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NYC Marathon 2012 Is Cancelled//  
User currently offlinevarigb707 From , joined Dec 1969, posts, RR:
Posted (2 years 1 month 3 weeks 1 day 18 hours ago) and read 1488 times:

http://news.yahoo.com/blank-headline-received-211243501--sector.html

Well, I guess That's what they had to do this year, after Sandy. First things first.

[Edited 2012-11-02 14:33:05]

[Edited 2012-11-02 14:38:56]

21 replies: All unread, jump to last
 
User currently offlinebjorn14 From Norway, joined Feb 2010, 3695 posts, RR: 2
Reply 1, posted (2 years 1 month 3 weeks 1 day 18 hours ago) and read 1477 times:

Finally some one came to their senses.


"I want to know the voice of God the rest is just details" --A. Einstein
User currently offlinePHLBOS From United States of America, joined Mar 2004, 7558 posts, RR: 23
Reply 2, posted (2 years 1 month 3 weeks 1 day 18 hours ago) and read 1477 times:

Given the damage to the city's infrastructure, many still without electricity, people can't get gas for their vehicles, etc.; this event cancellation shouldn't be a surprise.


"TransEastern! You'll feel like you've never left the ground because we treat you like dirt!" SNL Parady ad circa 1981
User currently offlineD L X From United States of America, joined May 1999, 11580 posts, RR: 52
Reply 3, posted (2 years 1 month 3 weeks 1 day 18 hours ago) and read 1471 times:

It's really too bad. The Marathon would have brought an estimated $350 Million to the city when it certainly needs it most.
Runners numbering over 40,000 and their supporters are arriving from all over the country and the world, many backed by charity pledges. Will these pledges still be honored with no marathon?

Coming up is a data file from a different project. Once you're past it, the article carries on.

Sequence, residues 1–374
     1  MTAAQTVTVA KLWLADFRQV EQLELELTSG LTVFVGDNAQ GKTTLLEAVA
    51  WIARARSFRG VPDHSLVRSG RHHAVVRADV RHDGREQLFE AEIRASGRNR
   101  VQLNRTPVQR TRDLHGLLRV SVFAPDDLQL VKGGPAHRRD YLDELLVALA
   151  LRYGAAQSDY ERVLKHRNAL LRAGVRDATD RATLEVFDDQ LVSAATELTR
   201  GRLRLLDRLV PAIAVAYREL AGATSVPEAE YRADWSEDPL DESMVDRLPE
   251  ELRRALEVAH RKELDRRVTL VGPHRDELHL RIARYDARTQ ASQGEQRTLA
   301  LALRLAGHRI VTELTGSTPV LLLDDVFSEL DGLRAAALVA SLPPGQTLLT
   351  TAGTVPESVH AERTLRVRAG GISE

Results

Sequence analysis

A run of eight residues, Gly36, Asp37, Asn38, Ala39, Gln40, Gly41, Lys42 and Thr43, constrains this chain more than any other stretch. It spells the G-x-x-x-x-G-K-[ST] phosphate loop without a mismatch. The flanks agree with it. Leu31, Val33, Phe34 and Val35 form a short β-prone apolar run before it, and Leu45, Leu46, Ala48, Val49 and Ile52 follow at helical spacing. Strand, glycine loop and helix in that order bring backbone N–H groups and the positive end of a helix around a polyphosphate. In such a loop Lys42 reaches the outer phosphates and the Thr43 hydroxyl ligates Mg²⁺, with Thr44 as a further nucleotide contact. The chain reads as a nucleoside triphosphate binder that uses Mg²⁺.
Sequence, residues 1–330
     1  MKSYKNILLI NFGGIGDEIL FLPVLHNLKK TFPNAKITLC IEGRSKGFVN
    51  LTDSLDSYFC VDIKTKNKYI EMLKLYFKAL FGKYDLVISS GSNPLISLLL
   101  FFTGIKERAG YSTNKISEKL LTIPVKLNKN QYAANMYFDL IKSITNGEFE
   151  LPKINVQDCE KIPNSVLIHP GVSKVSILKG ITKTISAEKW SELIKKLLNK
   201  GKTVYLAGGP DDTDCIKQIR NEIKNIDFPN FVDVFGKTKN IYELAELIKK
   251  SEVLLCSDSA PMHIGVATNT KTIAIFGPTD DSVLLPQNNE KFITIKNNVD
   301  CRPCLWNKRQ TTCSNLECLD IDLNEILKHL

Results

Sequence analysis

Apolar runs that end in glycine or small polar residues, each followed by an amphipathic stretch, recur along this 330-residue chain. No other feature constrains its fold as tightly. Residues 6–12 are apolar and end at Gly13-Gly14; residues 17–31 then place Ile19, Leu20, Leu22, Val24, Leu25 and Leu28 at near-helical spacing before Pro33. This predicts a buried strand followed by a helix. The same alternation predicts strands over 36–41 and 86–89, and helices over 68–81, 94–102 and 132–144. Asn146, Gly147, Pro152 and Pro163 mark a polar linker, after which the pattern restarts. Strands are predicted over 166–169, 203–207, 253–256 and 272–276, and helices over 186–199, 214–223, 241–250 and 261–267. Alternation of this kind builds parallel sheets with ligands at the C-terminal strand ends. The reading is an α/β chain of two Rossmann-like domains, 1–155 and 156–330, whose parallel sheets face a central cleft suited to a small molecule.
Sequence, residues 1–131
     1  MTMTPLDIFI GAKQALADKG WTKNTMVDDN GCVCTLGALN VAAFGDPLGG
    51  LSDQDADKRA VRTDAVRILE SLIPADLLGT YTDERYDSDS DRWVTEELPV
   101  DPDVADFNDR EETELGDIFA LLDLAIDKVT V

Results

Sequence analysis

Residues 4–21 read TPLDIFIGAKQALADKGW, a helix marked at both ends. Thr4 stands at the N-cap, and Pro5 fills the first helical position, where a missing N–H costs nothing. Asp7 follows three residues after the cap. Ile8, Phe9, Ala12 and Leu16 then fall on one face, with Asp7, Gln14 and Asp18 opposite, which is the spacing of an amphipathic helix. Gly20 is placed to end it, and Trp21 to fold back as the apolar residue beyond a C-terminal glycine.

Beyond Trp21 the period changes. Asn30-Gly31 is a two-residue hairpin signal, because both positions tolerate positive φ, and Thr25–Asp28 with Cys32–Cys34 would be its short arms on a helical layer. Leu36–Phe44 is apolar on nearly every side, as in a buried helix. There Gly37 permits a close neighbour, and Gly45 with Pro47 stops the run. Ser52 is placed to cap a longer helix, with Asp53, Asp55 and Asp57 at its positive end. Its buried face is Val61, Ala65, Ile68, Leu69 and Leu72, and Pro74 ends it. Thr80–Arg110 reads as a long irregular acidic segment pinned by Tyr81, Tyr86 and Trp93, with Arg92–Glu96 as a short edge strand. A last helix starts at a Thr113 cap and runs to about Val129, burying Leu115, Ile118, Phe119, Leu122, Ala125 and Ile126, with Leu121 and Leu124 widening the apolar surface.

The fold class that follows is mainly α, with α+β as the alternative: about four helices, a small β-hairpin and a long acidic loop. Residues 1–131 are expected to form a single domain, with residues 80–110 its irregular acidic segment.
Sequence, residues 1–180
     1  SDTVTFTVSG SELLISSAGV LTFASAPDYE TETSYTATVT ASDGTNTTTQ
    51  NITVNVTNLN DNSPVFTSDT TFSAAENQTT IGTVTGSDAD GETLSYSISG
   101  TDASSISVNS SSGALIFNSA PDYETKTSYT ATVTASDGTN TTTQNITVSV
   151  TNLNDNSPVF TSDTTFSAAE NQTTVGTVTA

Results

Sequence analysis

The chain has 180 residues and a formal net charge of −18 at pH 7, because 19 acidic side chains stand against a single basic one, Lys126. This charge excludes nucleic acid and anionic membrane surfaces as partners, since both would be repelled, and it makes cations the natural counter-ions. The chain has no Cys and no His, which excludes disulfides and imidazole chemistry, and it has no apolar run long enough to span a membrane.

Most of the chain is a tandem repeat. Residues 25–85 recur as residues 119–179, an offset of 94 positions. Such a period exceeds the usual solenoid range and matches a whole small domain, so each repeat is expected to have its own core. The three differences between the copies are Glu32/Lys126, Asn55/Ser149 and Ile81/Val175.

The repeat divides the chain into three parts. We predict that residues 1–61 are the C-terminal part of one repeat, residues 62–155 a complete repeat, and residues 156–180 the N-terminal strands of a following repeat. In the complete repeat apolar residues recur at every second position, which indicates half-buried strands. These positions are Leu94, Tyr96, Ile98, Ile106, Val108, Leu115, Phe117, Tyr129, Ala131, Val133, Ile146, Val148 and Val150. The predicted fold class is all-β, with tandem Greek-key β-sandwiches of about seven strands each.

I recognize that NYC is hurting. I canceled my trip there today because of the storm. But if I were NYC, I would have said "look yous, this is New York - the City That Never Sleeps. New York doesn't stop for anything. It doesn't stop for plane crashes, it doesn't stop for terrorists, and it's not going to stop for the weather." Then show the resilience of New York by holding the race.



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User currently offlinePHLBOS From United States of America, joined Mar 2004, 7558 posts, RR: 23
Reply 4, posted (2 years 1 month 3 weeks 1 day 18 hours ago) and read 1447 times:

Quoting D L X (Reply 3):
if I were NYC, I would have said "look yous, this is New York - the City That Never Sleeps. New York doesn't stop for anything. It doesn't stop for plane crashes, it doesn't stop for terrorists, and it's not going to stop for the weather." Then show the resilience of New York by holding the race.

Apples & oranges comparison. A terrorist attack physically (from an infrastructure standpoint) impacts one surrounding area whereas a post-hurricane impact on a city's infrastructure are much more wide-spread.

A week following the 9/11 attacks, outside of Ground Zero; the masses of NYC had electricity working in their homes & businesses, they could heat or cool their homes & businesses, nobody had trouble buying gasoline for their vehicles, the majority of the tunnels and subway system were fully open and operational. One can not necessarily say that a week following Sandy. Much of the logistics (preparation/set-up, etc.) behind a road race (especially a marathon) relies on the site's infrastructure being fully functional and operational.

As far as the Marathon pledges are concerned; maybe the option to donate those to a legitimate diaster relief fund or charity (example: the Red Cross) should be offered to those runners. Maybe the runners (again at their option/decision) if they've already arrived can donate their time & help those in need.

[Edited 2012-11-02 15:02:45]